I am choosing to review these books together because I want to focus on the differences between the C and C++ versions. If you know anything about the standard programming reference books you will know that Robert Sedgewick's works are among the industry standard ones and with good reason. Before I go on, I should mention that Numerical Recipes in ( language of your choice) and The Art of Computer Programming are two of the other works that share this status in the field of Algorithms. The former has, to my mind, draconian copyright restrictions as well as some poor quality source code (suffers too much from machine conversion from the original Fortran source). The latter has a major drawback in that it remains unfinished, and one of the missing volumes is that covering graphs (do not confuse this with graphics).
Parts 1-4 of the Sedgewick books are published as a single volume for each language. Part 5 is a separate volume in each case and focuses on graph algorithms (not that if you are interested in these, you might also like to look at the recently published Boost Graph Library by Siek, Lee and Lumsdaine, as well as the source code found at www.boost.org)
The first thing I did was to start comparing the contents of the C and C++ versions of part 5. I turned to the index to see how great a difference there was in pagination and came across my first surprise, the indexes did not match. The differences are curious at first sight (at least for this reviewer). Why has program 22.3 been indexed as a sub-list of 'Adjacency-lists' in the C book but not in the C++ one? I have no idea, but clearly the indexes have been separately compiled and cannot be used to identifydifferences between the books. However having noted this difference I have both books open at their respective implementations of program 22.3 - Augmenting-paths maxflow implementation. Now we come across the fact that programs 22.1 and 22.2 are not the same for the two books. Looking carefully at these effectively answers my question, yes Sedgewick has not only Christopher Van Wyk as a consultant on C++ source code but has carefully restructured the code to meet the strengths and weaknesses of each language. This is something that I had hoped for. The book is not simply similar text with different implementation code but revised text to present appropriate code for the language used.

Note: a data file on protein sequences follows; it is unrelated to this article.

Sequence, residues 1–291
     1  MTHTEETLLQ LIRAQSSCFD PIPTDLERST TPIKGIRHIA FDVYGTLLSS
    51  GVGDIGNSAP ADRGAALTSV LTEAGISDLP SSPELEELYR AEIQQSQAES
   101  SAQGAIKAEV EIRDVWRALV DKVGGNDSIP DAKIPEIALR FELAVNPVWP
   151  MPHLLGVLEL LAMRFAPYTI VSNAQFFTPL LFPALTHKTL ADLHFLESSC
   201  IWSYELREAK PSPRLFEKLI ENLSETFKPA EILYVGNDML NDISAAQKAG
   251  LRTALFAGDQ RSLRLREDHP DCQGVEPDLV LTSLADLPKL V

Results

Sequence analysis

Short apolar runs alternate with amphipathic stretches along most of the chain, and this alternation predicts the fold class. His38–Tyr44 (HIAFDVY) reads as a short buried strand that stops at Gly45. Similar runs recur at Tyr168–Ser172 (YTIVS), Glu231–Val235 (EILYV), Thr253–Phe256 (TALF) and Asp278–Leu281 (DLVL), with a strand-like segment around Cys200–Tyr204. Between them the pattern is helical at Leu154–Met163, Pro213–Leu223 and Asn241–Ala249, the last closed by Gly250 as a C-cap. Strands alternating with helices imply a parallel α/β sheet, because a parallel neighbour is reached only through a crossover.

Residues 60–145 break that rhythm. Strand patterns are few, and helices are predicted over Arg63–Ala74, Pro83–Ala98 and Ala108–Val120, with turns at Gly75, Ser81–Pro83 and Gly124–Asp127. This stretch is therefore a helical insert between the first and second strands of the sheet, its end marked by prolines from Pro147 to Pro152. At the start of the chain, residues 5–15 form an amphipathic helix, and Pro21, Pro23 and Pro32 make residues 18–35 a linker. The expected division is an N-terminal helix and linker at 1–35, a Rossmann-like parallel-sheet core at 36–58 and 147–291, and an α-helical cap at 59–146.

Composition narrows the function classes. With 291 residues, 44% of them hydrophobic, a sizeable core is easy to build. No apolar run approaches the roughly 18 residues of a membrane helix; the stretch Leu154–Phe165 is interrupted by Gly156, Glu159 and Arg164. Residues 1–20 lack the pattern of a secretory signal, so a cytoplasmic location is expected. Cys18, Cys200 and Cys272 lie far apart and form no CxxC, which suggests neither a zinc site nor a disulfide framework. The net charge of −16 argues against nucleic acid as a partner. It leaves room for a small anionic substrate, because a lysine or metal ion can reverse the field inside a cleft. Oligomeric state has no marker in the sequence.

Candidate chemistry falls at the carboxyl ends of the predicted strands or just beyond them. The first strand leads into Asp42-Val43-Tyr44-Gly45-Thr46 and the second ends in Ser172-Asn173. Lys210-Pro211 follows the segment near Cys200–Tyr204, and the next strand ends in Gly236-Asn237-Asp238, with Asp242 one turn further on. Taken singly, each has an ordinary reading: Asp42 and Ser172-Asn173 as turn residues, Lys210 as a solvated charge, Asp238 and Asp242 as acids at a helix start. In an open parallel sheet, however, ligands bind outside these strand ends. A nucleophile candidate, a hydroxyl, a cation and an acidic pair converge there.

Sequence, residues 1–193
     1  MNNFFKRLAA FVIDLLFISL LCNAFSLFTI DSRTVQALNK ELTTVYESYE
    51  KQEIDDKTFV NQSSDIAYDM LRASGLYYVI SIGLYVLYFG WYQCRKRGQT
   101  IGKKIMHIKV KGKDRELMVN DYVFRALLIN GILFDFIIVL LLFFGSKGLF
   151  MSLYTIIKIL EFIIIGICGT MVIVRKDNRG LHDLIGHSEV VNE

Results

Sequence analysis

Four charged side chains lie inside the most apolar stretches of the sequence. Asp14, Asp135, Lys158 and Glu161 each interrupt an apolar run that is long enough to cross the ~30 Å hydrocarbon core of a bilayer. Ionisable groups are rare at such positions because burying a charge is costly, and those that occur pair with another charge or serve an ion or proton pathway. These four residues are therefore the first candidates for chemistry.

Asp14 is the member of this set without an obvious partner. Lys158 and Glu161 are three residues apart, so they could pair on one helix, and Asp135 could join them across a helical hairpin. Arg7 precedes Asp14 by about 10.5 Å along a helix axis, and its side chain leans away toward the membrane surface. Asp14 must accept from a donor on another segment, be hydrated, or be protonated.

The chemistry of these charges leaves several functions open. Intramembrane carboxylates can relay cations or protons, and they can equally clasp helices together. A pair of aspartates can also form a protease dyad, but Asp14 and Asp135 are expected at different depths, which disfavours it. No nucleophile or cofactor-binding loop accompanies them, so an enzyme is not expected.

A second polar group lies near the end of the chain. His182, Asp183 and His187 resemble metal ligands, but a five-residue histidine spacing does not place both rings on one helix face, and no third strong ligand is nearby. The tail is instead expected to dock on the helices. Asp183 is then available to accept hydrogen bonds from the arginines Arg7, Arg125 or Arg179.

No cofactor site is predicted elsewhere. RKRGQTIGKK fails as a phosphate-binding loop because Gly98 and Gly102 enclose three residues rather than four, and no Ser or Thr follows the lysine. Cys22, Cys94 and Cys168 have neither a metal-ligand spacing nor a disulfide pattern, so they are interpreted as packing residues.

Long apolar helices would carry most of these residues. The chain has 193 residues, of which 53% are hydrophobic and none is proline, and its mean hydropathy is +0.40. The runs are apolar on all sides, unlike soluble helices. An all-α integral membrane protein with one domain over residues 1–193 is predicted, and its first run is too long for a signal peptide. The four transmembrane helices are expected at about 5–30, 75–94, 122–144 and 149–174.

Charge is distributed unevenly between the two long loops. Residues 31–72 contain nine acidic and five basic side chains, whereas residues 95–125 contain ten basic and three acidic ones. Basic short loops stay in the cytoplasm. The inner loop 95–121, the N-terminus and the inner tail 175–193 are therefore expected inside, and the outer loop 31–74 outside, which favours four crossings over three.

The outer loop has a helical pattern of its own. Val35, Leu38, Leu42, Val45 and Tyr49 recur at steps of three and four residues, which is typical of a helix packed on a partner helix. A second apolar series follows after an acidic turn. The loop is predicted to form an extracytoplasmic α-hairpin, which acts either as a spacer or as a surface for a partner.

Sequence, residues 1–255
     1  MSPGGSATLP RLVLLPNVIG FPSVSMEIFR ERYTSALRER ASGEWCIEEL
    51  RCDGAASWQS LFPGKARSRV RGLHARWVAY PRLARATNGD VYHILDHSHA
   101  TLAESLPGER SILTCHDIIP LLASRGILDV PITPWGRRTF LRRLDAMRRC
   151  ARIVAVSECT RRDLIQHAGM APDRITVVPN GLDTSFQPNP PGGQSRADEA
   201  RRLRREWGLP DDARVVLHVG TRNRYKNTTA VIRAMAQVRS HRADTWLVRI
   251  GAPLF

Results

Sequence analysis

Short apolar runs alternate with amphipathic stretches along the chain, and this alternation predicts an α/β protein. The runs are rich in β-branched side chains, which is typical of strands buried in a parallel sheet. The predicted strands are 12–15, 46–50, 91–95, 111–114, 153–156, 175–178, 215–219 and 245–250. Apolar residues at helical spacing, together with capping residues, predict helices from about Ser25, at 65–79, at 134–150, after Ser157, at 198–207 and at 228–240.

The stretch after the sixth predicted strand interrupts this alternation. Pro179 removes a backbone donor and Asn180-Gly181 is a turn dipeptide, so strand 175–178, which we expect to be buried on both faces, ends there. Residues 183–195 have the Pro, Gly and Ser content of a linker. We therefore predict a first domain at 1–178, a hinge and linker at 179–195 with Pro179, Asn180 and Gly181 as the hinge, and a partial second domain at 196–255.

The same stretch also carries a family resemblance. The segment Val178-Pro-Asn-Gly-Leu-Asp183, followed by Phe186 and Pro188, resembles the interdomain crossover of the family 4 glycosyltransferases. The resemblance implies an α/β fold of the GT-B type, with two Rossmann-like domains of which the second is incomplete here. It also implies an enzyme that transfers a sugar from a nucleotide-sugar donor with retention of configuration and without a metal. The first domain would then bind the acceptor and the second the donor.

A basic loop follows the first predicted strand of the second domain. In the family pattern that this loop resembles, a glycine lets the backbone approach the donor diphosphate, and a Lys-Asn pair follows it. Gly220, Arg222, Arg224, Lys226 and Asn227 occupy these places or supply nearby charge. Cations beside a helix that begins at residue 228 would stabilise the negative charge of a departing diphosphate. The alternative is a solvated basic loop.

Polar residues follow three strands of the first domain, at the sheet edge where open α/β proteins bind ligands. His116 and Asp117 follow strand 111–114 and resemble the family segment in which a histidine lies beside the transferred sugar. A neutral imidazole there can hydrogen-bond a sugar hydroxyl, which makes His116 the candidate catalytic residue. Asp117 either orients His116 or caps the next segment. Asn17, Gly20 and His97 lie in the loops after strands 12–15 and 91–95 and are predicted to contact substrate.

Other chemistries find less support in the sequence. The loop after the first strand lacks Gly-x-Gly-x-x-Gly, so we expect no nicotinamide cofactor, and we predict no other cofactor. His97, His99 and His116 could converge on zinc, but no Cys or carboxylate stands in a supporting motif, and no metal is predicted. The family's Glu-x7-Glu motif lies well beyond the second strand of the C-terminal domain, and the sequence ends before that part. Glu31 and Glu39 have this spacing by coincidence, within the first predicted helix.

In the C book you will find use of static data and functions coupled to #define to provide C-style ADTs but in the C++ volume you will use of classes and templates to achieve similar objectives. And yes, in case you are wondering, the code does use some STL containers and algorithms (including some uses of the infamous vectorbool specialization). However this is a change from the code for Parts 1-4 where the author used his own containers. For consistency where stacks and queues are needed Part 5 uses the versions provided by the earlier material. I think this is unfortunate though it was probably not an easy decision to make. It is interesting to note that it was not till this book that the author (with his C++ collaborator) moved to using initialization lists for constructors. The source code is above average but probably needs more development if it were to become industrial strength code.
Both books (the part 5 volumes) provide in depth and up to date (as far as I can tell) coverage of the topic of graph algorithms. The provided source code both provides a firm foundation for full implementations and works well with the text to help the reader understand the subject. While it would be possible to use either book on a piecemeal basis I think it would be more sensible to actually work through the text once before putting it on your reference shelf. Many programmers these days seem to think that all they need is to study the syntax of their chosen language. Some understand that getting to grips with the semantics is essential. However the professional programmer (rather than the overpaid amateur) knows that a solid grounding in algorithms is essential. Studying the works of such people as Sedgewick is a good way to achieve this. Knowing where to look something up is a step in the right direction, knowing what to look up is a pre-requisite.
In conclusion, either of these books is excellent for those studying graph algorithms. The first volumes are also first class texts on the topics they cover though, in my opinion, the C++ one could do with a fourth edition to bring it in line with modern C++ programming idioms. You should choose the version appropriate to your language of choice (I note that the author is promising a version for Java). There are copious exercises and thorough coverage of the material. Now when do we get parts 6-8? Perhaps the author has been imbued with his mentor's tardiness (for those that do not know, Sedgewick studied for his Ph. D. at Stanford University under Donald Knuth).